Unit powered via 5-12VDC

Software

Setup and controlled via web browser or telnet
Static IP with subnet and gateway
Programmable ping monitor for each relay
Selectable 'keep alive'  /  'I am here' ping
Adjustable power off delay
Adjustable power off time

Several things I am undecided about adding are:

Email notification of ping failure
Email notification of power available status change
Programmable, repeatable by time and date switching
   (this requires a real time clock and/or automatic 
synchronization with a time server and might increase the costs)


One thing I will not add:

Switching 110/220AC.  This would add many requirements for 
testing and considerable legal liability.


The price should be under $100 each.

Questions?

Comments?

Interest?

--

Blair Davis
West Michigan Wireless ISP
269-686-8648















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Re: [WISPA] IP based Remote Reboot

2005-11-09 Thread Blair Davis
Not quite.  The D-Link POE kit has a 48VDC power block with a DC-DC step 
down unit at the other end.


$25 doesn't sound too bad until you see the current hardware budget.  :(

--

John Thomas wrote:

DLinks POE kits take 5 volts, bump it up to 48 across the wire and 
drop it back down to 5 volts at the other end. They list for about 
$25, so I wouldn't think it should cost you too much to do.


John

Blair Davis wrote:

John, I have considered it.  My only concern was that it might 
increase the final cost.  I will take another look at it.


Maybe where it can 'vampire' it's power off one of the switched 
circuits if the switched circuit is 48V POE?


The only bad thing about that is it will still require a 10/100 
network switch or such to connect it's communication port.




John Thomas wrote:

Blair, it might be a good idea to allow for 48 v powering, since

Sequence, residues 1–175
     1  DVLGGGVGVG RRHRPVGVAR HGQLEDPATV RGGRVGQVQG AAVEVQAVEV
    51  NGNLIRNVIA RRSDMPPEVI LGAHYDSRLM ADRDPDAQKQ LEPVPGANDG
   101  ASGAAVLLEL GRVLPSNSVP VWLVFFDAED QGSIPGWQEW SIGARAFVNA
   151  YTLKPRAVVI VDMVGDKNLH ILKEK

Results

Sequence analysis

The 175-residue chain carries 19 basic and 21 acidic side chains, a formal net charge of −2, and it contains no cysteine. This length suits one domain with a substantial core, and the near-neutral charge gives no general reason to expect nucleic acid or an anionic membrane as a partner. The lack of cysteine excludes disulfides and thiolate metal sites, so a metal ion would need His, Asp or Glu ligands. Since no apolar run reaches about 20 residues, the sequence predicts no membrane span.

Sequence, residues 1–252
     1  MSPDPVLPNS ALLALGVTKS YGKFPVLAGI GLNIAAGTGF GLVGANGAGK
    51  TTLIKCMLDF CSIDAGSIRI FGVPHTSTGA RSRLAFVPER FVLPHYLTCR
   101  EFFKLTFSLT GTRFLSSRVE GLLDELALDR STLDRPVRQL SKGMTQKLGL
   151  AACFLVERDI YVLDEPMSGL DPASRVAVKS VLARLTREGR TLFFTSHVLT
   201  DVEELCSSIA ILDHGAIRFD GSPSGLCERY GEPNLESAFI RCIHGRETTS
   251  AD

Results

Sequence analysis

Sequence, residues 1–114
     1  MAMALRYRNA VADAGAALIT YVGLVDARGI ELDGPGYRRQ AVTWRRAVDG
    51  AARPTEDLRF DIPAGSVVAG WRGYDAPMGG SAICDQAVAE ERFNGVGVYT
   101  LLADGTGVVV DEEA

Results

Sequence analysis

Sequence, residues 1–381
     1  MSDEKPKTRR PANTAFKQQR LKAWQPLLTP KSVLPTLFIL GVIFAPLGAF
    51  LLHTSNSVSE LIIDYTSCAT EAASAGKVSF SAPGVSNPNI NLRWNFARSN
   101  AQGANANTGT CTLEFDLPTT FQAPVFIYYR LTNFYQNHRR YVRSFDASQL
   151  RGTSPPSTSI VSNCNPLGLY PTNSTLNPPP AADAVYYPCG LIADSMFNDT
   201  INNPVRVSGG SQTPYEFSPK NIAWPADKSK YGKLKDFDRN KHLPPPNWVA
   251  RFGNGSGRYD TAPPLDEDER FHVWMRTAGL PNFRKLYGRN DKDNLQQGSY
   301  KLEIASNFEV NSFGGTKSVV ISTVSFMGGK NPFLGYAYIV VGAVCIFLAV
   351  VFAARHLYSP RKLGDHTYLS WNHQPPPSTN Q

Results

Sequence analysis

that is 802.3af POE standard. This way your device could be mounted 
away from the Radio if one so chose to.


John

Blair Davis wrote:

Well, I guess there is no reasonably priced unit out there that 
will do what I need and fit in the space allowed.


The comments on the list have shown me that there may be a demand 
for a unit like this.  I have decided to build my own.  I have also 
decided to make it available to others who might need it.


As part of this process, I am posting the planned specs and I am 
asking for additional ideas for features.


Specs:

Hardware

10baseT ethernet port for communication.
1-4 pair of RJ-45 pass thru jacks with lines 4 and 5 switched.
Each pass thru jack pair is independently switched
Relay(s) rated for up to 48VDC at 3A
Power available monitor for switched jack(s)
Unit powered via 5-12VDC

Software

Setup and controlled via web browser or telnet
Static IP with subnet and gateway
Programmable ping monitor for each relay
Selectable 'keep alive'  /  'I am here' ping
Adjustable power off delay
Adjustable power off time

Several things I am undecided about adding are:

Email notification of ping failure
Email notification of power available status change
Programmable, repeatable by time and date switching
   (this requires a real time clock and/or automatic 
synchronization with a time server and might increase the costs)


One thing I will not add:

Switching 110/220AC.  This would add many requirements for testing 
and considerable legal liability.


The price should be under $100 each.

Questions?

Comments?

Interest?

--

Blair Davis
West Michigan Wireless ISP
269-686-8648










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Re: [WISPA] IP based Remote Reboot

2005-11-09 Thread Blair Davis
We get them from DH for less than $30 but I don't remember the exact 
price off hand.


--

A. Huppenthal wrote:


That's a good price. I paid nearly $50 each.


John Thomas wrote:

Actually, Online Micro has the DWL-P200 for $30 and it can do 5 or 12 
volts out the back.


John

A. Huppenthal wrote:


let me know where you get them for $25

John Thomas wrote:

DLinks POE kits take 5 volts, bump it up to 48 across the wire and 
drop it back down to 5 volts at the other end. They list for about 
$25, so I wouldn't think it should cost you too much to do.


John

Blair Davis wrote:

John, I have considered it.  My only concern was that it might 
increase the final cost.  I will take another look at it.


Maybe where it can 'vampire' it's power off one of the switched 
circuits if the switched circuit is 48V POE?


The only bad thing about that is it will still require a 10/100 
network switch or such to connect it's communication port.




John Thomas wrote:

Blair, it might be a good idea to allow for 48 v powering, since